If our governments think that there's been turmoil at the fuel pumps over the past week because of low supplies, then let's just see what happens when there's empty food shelves – they will then find out just what real disorder will be.

Politicians will have to face up to the fact that Brexit has been a disaster zone for exporters, importers, manufacturers and instead of points-scoring, try to make the best of this guddle. That goes for those of all colours in power, in whichever citadel – the damage has been done and now's the time for sticking some plaster on the wounds.

That starts with having a coherent and clear strategy for the future which includes incentivising novel production methods AND carbon mitigation measures. The two are not impossible to reconcile, despite the machinations of the anti-livestock brigade.

The time is ripe for such clarity. There's a real sense of positivity in the farming industry, across all of its genres, that wants to tackle this head on. So far, all the negativity has come from the shilly-shallying and tootsie-footing around making bold decisions by those in Westminster and Holyrood.

At least the London end of this has come out of the closet on gene editing and for Scotland not to go ahead by recognising the many positives that could come out of targetted use of this process would be unthinkable. What's not to like about reducing pesticide use in crops and having healthier animals that will have a reduced reliance on drugs? That said, unlike releasing another Monsanto monster, this must be tightly controlled by people who know what it can do for good, not for money only.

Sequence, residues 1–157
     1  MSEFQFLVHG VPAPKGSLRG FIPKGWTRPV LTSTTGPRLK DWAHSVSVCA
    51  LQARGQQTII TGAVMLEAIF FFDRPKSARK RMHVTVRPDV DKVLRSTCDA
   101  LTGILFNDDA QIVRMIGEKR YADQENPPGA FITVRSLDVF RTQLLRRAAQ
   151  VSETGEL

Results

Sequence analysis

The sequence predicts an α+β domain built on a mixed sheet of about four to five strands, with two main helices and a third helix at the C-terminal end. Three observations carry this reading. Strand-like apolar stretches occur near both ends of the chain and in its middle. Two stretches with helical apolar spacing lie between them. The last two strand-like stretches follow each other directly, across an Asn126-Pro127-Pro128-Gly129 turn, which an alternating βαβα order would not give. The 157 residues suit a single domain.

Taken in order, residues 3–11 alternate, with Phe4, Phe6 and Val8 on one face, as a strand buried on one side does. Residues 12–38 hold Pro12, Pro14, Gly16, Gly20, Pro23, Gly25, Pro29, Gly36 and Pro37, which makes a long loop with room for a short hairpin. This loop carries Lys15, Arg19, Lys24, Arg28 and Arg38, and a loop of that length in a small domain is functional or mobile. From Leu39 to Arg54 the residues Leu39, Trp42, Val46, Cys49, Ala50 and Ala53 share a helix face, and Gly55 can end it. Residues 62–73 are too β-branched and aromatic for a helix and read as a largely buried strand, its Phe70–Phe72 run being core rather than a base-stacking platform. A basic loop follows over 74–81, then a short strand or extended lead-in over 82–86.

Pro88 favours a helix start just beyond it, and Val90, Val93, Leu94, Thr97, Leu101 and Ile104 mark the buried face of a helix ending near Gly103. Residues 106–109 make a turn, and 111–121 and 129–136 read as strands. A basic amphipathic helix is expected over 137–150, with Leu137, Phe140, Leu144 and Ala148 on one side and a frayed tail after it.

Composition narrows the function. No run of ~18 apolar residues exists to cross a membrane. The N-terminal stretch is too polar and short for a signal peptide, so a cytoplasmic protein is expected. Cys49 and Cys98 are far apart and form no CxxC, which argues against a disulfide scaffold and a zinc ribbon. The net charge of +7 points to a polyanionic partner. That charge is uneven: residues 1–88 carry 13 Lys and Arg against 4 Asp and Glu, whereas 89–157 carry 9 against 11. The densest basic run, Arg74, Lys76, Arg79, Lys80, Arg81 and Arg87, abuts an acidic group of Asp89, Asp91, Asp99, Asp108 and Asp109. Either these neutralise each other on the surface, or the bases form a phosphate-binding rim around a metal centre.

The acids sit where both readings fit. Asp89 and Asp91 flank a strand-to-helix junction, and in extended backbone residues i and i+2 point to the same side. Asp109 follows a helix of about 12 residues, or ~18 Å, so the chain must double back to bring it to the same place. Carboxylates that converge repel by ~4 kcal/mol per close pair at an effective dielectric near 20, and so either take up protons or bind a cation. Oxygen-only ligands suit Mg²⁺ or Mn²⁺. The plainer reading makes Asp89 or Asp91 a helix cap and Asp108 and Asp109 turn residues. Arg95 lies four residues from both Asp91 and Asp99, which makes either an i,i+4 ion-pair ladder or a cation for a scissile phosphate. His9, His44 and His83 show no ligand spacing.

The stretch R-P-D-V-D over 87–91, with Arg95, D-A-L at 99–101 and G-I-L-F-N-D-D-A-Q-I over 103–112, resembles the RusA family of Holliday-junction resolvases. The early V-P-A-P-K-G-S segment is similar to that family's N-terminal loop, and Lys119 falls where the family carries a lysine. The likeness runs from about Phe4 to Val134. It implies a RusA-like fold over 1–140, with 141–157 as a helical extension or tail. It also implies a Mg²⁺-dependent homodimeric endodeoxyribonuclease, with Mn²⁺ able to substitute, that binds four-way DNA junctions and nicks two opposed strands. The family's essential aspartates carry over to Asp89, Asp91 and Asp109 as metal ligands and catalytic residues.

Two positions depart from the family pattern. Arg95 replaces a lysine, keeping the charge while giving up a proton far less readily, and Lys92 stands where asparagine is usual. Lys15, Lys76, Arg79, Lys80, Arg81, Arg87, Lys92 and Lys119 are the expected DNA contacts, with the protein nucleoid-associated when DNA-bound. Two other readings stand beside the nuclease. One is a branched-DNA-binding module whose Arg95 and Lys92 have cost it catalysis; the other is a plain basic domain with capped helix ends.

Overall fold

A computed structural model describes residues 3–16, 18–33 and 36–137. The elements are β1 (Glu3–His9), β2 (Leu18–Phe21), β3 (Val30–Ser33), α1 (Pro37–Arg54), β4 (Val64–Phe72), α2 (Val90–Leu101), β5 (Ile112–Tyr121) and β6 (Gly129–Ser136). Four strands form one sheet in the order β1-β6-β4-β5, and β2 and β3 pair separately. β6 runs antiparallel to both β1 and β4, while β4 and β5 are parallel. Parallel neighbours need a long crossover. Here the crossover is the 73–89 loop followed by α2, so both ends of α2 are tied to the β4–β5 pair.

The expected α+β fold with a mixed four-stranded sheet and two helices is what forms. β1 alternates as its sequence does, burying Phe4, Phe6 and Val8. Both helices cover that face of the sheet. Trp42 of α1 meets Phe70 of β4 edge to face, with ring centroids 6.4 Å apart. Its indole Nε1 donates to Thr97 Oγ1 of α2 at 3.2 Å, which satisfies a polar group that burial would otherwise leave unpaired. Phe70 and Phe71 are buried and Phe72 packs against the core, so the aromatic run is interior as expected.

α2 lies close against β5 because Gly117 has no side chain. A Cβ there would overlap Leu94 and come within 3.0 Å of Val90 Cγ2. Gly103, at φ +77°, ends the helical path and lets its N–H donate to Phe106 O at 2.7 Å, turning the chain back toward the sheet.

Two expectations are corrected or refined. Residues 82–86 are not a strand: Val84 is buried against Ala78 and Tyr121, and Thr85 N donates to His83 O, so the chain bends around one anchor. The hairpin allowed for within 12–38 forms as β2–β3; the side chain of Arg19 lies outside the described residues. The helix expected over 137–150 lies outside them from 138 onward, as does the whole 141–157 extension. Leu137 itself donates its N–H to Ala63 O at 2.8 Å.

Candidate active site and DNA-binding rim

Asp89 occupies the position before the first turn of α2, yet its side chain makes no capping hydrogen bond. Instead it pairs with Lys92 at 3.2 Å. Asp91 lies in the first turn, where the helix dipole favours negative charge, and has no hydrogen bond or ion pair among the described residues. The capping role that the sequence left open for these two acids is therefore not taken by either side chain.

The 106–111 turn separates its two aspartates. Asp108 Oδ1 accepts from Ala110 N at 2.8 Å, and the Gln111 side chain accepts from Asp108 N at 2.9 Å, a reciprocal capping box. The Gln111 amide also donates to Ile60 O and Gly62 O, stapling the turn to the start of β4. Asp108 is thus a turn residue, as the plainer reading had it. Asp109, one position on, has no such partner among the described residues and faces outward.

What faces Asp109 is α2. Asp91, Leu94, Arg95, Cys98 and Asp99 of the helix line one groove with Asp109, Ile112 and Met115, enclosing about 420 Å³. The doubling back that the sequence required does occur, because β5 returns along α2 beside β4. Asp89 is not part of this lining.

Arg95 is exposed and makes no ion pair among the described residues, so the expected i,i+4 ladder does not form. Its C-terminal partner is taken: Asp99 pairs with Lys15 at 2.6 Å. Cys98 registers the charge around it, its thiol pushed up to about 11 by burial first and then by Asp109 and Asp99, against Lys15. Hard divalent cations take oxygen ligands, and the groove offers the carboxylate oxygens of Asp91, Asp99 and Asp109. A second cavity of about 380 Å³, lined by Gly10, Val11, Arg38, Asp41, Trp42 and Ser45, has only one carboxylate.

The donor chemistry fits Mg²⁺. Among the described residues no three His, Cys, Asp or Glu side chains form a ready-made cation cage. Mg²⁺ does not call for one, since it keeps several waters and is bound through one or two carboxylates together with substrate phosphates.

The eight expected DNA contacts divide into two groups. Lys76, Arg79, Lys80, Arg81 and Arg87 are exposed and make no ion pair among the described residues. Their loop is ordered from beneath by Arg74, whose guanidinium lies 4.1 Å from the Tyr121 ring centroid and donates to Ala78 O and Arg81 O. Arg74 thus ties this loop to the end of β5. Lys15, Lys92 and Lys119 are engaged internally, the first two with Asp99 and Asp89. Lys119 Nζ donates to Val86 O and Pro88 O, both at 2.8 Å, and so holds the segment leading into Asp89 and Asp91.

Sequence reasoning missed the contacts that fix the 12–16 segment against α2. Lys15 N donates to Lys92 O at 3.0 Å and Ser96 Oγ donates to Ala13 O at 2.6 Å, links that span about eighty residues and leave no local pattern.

It's not rocket science. Decide what you want out of this, and ask the scientists to research whether it is possible or not ... and if it is, get on with it. It might take many years, but as the Chinese say ... 'Every long journey begins with a single step...'

The problem is, politics is increasingly being swayed by a well-organised, holier than thou minority who know which buttons to push and knobs to pull. The fact is, the silent majority remain the single most important factor and it's up to agriculture to conjure up a way of swaying their opinion. We have many positives that can be shared, like the quality of produce that comes independently assured; general high animal welfare; and a much reduced reliance on chemical fertilisers, pesticides and better targetted animal health processes.

If it weren't so serious, the news this week that water courses around Glastonbury had been so polluted by heavy duty hallucinogenic drugs because of festival goers relieving themselves willy-nilly (pun intended) when attending that famous music jamboree, should be a wake up call that this was created by the very generations that are demanding higher welfare and cleaner drinking water standards from farmers. It's also the same kind of people that criticise farming methods, while throwing the McDonalds wrappers and cartons, bedsteads and fridge/freezers into fields.

The hypocrisy of it all would make you weep and no wonder farmers feel increasingly isolated as a result. Time to fight back.